FROM Ariel Levy
New Yorker writer on losing everything Magazine writer Ariel Levy had it all: cush job, marriage, a baby on the way, vacation place on Long Island. It all fell apart in one month. She lost the baby, her spouse went into rehab for alcoholism, and she had no money. It’s all in her new memoir “The Rules Do Not Apply.” Ariel Levy is author of the memoir “The Rules Do Not Apply.” (Photo by David Klagsbrun)
What it's like to vomit, hallucinate and meditate on Ayahuasca Ayahuasca is a soupy brown liquid brewed from a leafy vine that grows in remote parts of the Amazon. It’s also currently the drug of choice in places like Brooklyn, Silicon Valley and LA. At any given time, there are probably hundreds of people sitting in ceremonial circles drinking tea, preparing themselves for intense mindfulness. They will vomit, then hallucinate, and see deep into their souls, maybe. Ariel Levy journeyed into the world of Ayahuasca for the New Yorker.
Why is Trump so behind on filling staff jobs, establishing concrete policies? Yesterday Donald Trump signed a “decision memo” to revamp the air traffic control system. But there was little legislative detail in the plan. There’s not much to other splashy announcements from the White House, including tax cuts and the arms deal with Saudi Arabia. And hundreds of positions are unfilled in federal agencies.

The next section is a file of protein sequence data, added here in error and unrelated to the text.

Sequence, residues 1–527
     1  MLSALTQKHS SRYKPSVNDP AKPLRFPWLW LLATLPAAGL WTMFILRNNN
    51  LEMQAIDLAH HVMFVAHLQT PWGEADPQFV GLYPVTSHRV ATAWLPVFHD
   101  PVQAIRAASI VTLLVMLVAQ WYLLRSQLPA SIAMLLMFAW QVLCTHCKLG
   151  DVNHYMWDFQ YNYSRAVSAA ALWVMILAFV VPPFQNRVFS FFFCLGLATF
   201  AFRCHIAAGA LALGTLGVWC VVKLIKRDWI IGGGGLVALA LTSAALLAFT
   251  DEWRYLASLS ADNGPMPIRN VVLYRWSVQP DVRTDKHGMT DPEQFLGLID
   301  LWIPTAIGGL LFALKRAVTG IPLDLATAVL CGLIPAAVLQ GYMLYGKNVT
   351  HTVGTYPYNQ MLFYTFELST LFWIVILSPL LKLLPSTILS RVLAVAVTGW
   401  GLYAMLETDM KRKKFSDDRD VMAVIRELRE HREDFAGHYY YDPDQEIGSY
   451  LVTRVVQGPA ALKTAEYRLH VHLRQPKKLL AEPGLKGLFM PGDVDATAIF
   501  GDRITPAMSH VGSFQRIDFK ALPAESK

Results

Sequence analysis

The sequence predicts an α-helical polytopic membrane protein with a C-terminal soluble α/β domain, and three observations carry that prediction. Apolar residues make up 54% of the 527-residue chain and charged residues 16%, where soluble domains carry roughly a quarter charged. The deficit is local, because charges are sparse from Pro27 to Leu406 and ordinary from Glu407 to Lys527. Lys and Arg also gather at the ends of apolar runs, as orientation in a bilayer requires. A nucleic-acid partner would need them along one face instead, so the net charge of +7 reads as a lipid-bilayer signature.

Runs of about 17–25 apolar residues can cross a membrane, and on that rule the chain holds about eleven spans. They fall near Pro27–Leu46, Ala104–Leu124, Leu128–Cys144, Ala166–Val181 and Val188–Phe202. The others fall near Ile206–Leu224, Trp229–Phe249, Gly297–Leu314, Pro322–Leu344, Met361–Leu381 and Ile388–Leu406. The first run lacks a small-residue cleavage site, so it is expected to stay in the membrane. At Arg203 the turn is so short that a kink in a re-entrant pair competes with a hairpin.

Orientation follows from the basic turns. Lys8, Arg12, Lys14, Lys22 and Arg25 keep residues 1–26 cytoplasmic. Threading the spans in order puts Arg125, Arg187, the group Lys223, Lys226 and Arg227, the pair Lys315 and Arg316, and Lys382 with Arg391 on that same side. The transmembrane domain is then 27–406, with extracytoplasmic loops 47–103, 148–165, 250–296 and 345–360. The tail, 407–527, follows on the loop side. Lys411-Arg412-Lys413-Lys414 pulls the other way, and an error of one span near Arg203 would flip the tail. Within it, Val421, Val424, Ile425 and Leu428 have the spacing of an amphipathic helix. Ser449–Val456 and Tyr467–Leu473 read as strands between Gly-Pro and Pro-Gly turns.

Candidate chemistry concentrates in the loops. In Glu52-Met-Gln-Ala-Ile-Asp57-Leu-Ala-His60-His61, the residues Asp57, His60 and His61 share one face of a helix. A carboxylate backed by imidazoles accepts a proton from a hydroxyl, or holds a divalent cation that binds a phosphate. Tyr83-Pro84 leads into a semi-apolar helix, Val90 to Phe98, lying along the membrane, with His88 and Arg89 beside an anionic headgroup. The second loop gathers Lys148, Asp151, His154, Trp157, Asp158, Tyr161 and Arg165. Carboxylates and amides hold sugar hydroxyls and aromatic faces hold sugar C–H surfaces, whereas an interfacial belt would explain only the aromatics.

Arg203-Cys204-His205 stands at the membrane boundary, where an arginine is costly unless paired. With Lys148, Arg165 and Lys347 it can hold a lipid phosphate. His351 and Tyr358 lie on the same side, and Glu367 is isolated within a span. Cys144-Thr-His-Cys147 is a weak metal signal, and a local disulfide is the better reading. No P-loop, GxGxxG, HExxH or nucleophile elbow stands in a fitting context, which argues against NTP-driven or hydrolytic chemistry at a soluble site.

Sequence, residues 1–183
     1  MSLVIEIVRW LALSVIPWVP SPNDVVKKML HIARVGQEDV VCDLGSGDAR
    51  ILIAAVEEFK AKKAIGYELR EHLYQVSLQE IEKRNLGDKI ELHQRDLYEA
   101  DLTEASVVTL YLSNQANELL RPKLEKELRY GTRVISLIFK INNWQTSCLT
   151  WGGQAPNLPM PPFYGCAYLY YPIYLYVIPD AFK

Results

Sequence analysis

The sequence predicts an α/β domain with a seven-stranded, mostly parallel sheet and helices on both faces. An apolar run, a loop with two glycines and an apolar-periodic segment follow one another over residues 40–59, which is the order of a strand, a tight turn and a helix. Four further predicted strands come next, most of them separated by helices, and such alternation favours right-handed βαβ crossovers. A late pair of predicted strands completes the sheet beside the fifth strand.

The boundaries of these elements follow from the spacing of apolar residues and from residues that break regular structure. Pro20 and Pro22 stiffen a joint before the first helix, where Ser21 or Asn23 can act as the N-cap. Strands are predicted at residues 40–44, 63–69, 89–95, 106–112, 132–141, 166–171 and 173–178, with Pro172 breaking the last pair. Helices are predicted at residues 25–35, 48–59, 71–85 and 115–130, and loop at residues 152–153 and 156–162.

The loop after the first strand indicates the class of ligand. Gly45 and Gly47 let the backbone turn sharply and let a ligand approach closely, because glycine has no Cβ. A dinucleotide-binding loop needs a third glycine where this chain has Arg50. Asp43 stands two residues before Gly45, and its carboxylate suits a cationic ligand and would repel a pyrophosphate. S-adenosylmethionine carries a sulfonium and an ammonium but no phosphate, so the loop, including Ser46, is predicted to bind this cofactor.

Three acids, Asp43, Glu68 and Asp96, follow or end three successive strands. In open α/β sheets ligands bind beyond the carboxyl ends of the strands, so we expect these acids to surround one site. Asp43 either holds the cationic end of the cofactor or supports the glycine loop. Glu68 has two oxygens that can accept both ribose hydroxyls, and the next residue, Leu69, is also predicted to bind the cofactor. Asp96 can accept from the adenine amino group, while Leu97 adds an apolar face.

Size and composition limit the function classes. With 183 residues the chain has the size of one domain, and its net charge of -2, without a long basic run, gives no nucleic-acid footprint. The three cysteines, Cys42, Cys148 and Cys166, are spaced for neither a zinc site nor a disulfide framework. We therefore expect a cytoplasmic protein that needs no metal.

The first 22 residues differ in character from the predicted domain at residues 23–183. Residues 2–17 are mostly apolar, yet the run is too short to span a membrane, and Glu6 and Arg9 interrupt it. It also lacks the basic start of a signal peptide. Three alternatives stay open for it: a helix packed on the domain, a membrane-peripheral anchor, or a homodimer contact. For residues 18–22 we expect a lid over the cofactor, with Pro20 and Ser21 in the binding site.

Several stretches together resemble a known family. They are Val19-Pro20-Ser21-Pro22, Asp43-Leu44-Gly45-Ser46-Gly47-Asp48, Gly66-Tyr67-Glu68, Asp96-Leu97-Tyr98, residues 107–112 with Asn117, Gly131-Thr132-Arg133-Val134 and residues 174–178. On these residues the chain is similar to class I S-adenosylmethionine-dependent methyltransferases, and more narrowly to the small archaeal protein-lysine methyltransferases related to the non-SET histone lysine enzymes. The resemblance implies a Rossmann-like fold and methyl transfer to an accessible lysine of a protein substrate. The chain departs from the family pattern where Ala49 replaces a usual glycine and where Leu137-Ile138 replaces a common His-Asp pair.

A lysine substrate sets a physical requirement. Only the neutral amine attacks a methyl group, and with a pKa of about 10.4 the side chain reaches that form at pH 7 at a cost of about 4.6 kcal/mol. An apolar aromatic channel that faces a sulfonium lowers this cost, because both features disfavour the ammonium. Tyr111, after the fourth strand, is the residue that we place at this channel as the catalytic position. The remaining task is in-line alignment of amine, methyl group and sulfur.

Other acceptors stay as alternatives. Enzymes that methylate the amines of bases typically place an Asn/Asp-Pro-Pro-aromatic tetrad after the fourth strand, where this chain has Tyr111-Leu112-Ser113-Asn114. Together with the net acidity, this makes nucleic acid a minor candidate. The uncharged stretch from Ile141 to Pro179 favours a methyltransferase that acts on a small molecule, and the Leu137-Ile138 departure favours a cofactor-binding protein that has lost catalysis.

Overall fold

Terrorism in London: Lessons for the US This weekend’s terrorist attack in London left seven people dead and almost 50 injured. London police fatally shot the attackers, and ISIS claimed responsibility.
Securing Public Spaces, Super Wealthy Asians Vehicles are increasingly being used as weapons, as seen in the London Bridge attack over the weekend and in New York’s Times Square last month. The Compton-based company Calpipe is designing security bollards to help make public spaces safer. And novelist Kevin Kwan satirizes the “crazy rich” Asian jet set and their luxurious tastes in his latest book, “Rich People Problems.”
Why did Jared Kushner want a back channel with Russians? News broke Friday that President Trump’s son-in-law and senior advisor, Jared Kushner, tried setting up a back channel between the Trump transition team and the Russian government. What are the consequences for Kushner, President Trump, and the investigation into Russian meddling?